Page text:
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History IA: Question Phrasing

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Hey everyone.

I'm starting to work on my History IA and I have had my topic for a while, but I can't find enough reasons to answer the question I had set myself. I am planning to do it on the Lateran Treaties of 1929, and started off with "Why did the Holy See sign the Lateran Treaties of 1929?" but that has kind of failed. Any suggestions from those of you who know the time period? Thanks! :D

also, I could easily have my Plan B on something to do with Mussolini's 'March on Rome', any worthwile research questions for that?

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I didn't do history to know the time period or indeed much about the IA, but have you tried thinking of it backwards? As in starting with the answers instead of the question. Find the stuff you want to talk about, write it down and list it out somehow and then try and find a question to slot it into - also that way you'll have started planning it all out rather than feeling bad and wasting precious time feeling stressed about finding a research question. You may have tried this already, but often just approaching it from a different angle yields some good results - and of course ensures that you'll have no problem with getting enough answers!

Also, and this is the same for any subject, as you have to come up with your own RQ for the piece of coursework, I'm afraid IB Survival's members aren't going to pitch in in terms of inventing one for you. However, when you've come up with a search question (or series of research questions you're trying to decide between) people will be more than happy to give out feedback! :D

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Just so you know, that is one of the most perfect research questions I have ever seen. It's original, limited and focused. I'm not sure what your problem is, that's a great question. If you really want to limit it even more, you can do "To what extent did X factor affect the decision of the Holy See to sign the Lateran Accords of 1929".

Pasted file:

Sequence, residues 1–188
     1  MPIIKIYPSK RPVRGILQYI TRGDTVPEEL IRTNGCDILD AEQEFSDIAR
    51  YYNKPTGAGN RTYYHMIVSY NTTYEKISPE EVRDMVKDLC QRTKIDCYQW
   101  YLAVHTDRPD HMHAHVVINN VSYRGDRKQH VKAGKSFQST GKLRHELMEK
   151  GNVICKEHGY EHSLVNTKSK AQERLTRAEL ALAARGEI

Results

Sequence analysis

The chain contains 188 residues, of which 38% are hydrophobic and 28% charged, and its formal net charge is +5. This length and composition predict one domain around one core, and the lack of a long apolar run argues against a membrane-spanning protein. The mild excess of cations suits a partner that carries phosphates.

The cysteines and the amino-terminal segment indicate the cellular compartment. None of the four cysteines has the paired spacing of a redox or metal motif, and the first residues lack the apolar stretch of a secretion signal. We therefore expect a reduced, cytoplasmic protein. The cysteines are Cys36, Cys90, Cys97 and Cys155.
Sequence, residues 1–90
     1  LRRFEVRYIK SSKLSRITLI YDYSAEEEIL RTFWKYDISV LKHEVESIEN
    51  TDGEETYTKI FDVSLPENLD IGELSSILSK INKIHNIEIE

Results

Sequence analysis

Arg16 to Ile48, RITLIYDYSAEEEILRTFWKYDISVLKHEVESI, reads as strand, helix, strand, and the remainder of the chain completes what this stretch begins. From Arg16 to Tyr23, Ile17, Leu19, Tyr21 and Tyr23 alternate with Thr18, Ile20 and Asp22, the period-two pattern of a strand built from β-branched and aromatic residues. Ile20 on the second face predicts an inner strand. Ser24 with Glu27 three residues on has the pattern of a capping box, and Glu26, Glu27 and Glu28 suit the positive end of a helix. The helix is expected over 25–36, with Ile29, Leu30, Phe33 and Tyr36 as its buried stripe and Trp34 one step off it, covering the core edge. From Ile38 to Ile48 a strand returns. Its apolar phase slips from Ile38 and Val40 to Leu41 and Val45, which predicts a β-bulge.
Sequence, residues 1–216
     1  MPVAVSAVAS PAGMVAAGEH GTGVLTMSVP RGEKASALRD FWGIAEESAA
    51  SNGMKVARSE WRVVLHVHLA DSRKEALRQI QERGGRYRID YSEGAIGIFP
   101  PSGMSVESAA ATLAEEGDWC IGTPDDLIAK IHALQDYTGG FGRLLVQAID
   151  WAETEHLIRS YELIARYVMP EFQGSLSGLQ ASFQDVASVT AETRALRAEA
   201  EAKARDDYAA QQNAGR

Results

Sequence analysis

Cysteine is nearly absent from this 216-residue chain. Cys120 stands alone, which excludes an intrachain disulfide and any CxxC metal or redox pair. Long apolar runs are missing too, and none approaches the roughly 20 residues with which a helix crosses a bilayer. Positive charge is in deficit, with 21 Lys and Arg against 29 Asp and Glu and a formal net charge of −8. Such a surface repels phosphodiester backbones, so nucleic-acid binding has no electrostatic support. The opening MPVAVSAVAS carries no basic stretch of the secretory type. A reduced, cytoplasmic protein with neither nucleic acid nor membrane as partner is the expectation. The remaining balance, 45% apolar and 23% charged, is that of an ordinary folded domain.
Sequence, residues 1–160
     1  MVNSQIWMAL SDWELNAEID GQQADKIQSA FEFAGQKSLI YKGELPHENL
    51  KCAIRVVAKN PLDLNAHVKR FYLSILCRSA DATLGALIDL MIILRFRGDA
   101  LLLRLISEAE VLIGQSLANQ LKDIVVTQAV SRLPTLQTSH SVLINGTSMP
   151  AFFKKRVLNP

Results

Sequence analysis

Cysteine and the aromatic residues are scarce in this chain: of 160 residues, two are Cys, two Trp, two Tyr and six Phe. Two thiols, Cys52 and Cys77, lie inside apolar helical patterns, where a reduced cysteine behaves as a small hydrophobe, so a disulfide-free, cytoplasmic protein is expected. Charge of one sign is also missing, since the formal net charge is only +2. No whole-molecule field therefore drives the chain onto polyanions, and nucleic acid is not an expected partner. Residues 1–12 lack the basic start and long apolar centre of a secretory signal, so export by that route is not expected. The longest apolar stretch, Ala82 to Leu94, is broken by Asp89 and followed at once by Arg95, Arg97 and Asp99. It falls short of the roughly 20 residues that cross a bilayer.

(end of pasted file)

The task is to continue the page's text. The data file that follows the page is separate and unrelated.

If I were you, I would pick this question because a) it's a Paper 3 exam question (not this specifically, but it will help your Mussolini knowledge), b) It's a great question. GO FOR IT!! :D

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Just so you know, that is one of the most perfect research questions I have ever seen. It's original, limited and focused. I'm not sure what your problem is, that's a great question. If you really want to limit it even more, you can do "To what extent did X factor affect the decision of the Holy See to sign the Lateran Accords of 1929".

If I were you, I would pick this question because a) it's a Paper 3 exam question (not this specifically, but it will help your Mussolini knowledge), b) It's a great question. GO FOR IT!! :D

ok sounds good, I'll give it another go...the problem was mainly that I couldn't find enough resources on the topic, but I'll look further now. Btw you're the first person I've seen who takes exactly the same subjects as me XD

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Ooo, freaky. Well, just from a general knowledge of the time period, here's some stuff I know (which you may already know):

- Italy pretty much robbed the Church when Italy was founded

- Therefore, the Pope was ticked

--> Mussolini offered them their own country (yep, Musso created the Vatican City), and a ton of money

---> All the Church had to do was stop preventing people from voting (because the Church didn't recognize Fascist Italy, they told all the Catholics i.e. 99% of Italy to stop voting)

Obviously be more precise than that. If you really can't find anything, how about "Even though Mussolini was already in power, why did he still stage the March on Rome?"

Edited by Jakebert

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As long as your question allows for sufficient analysis then it should be fine. You have to make sure that in answering your question you're not just spouting off other peoples writing. If you find yourself doing this, then you need to change your question to "evaluate the significance of X in the signing of the treaties" or "To what extent was X responsible for the signing of the treaties" From what I have heard these sorts of questions seem to be better received in general.

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